The dressing room of the Dartmouth Steele Subaru Major Midgets has a wall of fame that could rival any minor-hockey program in Canada, with names such as Sidney Crosby, Brad Marchand and Cam Russell looming over the players below.
They’re among the more than 20 players who skated for Dartmouth as teenagers on their way to careers in the NHL, and some of the roughly 50 alumni who graduated to professional hockey. But sometimes, head coach and general manager Steve Crowell wonders about the ones who never had a chance to play on a bigger stage.
Before the arrival of the QMJHL in Atlantic Canada in the 1990s and 2000s, the East Coast was unknown territory for most hockey scouts in Canada. Before Triple A midget teams such as Dartmouth, Cole Harbour or the Moncton Flyers became well-known pipelines for major-junior hockey, the NHL and other professional leagues, players there had to defy the odds to get noticed.
“It was just a totally untapped region,” said Crowell, a veteran coach who has been a fixture of Nova Scotia’s midget hockey scene since the 1980s. “So many really good kids never got opportunities back then. Nobody saw them.”
Some players did break through, of course, with notable Nova Scotian NHLers such as Al MacInnis and Glen Murray, who signed pro contracts in the 1980s and early 1990s because they were given a rare shot in the OHL and had exposure on national teams. But unless you were an exceptional talent, it was hard to get attention outside the region.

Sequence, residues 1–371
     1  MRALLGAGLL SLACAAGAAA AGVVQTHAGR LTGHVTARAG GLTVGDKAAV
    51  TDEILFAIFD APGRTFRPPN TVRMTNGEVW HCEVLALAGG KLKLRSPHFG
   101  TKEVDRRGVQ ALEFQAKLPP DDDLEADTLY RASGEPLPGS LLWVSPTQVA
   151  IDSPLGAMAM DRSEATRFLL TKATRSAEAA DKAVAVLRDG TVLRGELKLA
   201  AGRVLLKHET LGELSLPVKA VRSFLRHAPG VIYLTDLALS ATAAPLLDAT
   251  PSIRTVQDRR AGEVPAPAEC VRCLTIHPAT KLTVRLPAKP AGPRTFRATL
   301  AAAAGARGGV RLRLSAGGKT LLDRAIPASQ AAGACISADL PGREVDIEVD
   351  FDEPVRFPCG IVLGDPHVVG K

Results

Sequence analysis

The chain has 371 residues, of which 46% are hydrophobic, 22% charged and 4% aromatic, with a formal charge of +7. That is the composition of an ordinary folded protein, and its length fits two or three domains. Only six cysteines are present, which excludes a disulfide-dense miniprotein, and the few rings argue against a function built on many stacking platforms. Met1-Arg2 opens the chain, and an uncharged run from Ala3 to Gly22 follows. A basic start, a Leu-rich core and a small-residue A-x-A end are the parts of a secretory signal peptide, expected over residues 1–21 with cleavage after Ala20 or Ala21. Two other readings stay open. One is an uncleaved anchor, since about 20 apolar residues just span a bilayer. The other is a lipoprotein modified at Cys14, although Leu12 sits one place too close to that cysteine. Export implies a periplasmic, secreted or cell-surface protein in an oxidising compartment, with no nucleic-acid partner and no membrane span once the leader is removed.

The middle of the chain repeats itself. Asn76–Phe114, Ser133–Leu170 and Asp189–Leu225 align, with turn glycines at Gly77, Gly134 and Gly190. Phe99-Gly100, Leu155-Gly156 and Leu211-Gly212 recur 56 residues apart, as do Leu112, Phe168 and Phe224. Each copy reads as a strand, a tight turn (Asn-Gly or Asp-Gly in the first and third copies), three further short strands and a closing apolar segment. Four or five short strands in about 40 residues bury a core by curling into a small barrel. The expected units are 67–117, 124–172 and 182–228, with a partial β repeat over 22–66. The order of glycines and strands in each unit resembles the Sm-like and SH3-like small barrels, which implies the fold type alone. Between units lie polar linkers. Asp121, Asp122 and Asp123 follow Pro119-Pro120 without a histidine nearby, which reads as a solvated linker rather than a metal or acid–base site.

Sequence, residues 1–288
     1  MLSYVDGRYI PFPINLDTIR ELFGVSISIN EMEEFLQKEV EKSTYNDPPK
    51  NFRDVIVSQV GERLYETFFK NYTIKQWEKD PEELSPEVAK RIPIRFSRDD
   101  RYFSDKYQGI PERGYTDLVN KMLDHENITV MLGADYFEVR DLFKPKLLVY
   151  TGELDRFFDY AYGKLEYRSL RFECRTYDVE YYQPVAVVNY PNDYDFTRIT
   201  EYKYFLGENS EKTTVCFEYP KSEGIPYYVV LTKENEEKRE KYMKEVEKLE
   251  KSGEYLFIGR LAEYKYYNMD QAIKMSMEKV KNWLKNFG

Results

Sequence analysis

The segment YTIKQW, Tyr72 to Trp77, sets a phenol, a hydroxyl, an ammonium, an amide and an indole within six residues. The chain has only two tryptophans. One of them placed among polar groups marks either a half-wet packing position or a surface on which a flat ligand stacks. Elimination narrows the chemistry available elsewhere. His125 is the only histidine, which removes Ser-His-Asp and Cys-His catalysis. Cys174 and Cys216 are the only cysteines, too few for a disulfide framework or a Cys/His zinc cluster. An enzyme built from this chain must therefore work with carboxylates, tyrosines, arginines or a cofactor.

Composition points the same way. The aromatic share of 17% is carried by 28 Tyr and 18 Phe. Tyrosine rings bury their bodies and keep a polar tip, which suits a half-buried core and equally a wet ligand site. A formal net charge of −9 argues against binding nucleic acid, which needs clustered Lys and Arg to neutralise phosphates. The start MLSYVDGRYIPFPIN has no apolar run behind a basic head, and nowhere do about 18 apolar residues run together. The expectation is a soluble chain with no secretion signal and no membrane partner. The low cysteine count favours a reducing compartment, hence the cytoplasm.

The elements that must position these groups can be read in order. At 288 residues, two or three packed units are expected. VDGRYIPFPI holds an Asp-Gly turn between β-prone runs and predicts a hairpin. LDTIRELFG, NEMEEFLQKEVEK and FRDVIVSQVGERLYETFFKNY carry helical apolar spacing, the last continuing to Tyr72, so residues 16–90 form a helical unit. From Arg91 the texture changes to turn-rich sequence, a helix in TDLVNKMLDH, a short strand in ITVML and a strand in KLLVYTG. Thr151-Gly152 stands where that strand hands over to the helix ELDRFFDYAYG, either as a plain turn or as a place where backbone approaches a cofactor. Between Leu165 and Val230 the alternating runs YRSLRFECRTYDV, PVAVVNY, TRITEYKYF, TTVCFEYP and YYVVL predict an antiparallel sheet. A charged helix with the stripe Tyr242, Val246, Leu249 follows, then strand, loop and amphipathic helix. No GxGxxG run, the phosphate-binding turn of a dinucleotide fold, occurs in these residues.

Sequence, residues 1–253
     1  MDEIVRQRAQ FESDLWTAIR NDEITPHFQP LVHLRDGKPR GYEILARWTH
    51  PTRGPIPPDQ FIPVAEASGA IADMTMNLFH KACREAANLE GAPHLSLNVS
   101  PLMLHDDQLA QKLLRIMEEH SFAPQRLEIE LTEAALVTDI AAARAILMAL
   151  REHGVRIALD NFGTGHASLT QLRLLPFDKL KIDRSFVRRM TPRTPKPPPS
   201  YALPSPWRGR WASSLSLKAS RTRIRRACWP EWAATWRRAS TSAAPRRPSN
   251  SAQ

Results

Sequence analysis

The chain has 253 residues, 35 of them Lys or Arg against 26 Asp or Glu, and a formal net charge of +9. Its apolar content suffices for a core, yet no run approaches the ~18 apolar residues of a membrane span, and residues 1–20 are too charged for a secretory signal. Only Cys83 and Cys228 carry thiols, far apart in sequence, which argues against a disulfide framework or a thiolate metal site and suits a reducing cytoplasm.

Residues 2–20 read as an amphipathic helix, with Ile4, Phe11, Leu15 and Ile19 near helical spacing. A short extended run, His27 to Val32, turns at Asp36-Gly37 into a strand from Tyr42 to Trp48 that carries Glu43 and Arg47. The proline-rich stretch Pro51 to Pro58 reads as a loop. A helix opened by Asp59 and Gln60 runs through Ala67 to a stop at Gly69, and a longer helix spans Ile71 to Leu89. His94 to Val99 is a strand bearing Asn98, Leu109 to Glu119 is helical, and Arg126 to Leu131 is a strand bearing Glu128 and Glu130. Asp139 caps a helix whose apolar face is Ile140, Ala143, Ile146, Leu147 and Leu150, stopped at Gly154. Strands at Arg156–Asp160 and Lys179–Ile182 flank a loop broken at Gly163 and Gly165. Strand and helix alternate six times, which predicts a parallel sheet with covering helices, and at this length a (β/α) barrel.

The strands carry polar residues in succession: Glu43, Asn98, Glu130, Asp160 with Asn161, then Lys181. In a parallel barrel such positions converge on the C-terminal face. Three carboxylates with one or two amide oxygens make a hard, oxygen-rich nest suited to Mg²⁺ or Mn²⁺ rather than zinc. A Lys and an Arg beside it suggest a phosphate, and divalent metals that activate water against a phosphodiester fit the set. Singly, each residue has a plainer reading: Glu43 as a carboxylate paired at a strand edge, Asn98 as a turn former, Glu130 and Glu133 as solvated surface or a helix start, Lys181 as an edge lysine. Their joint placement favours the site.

Since then, the arrival of an army of QMJHL scouts, and generational players such as Crosby, have drawn more attention to East Coast rinks than in the past.
“It’s just exploded,” Crowell said. “It’s like night and day. There were no less than 20 scouts in the building for our season opener on Sunday. We have 15 to 20 scouts at every one of our games now.”
Pittsburgh Penguins' Sidney Crosby against the New York Islanders in Uniondale, N.Y. on May 22.
FRANK FRANKLIN II/THE ASSOCIATED PRESS
Today Dartmouth alumni can be spotted throughout the NHL. Morgan Barron made his debut with the New York Rangers last season. Matthew Highmore, in his fourth season in the NHL, is now skating with Vancouver. Luke Henman, Dartmouth’s former captain, was the first player to sign with the Seattle Kraken. Defenceman Peter Diliberatore got into pre-season action with the Vegas Golden Knights.
Any bias that used to exist against players from the Maritimes is long gone, said Bob LeBlanc, the long-time head of scouting for the QMJHL’s Halifax Mooseheads. Players who in the past would have been relegated to lower rounds in the QMJHL draft, because scouts had seen so little of them, are now going in the first round. Before there were any Q teams in the Maritimes, language barriers also made some players reluctant to play in Quebec, and some teams hesitant to sign them, which also limited their options.
“In the past, unless you were the top dog, you didn’t get that opportunity. There was no way you could really show what you could do,” LeBlanc said. “For a long time, the Quebec teams wouldn’t touch anybody from the Maritimes.”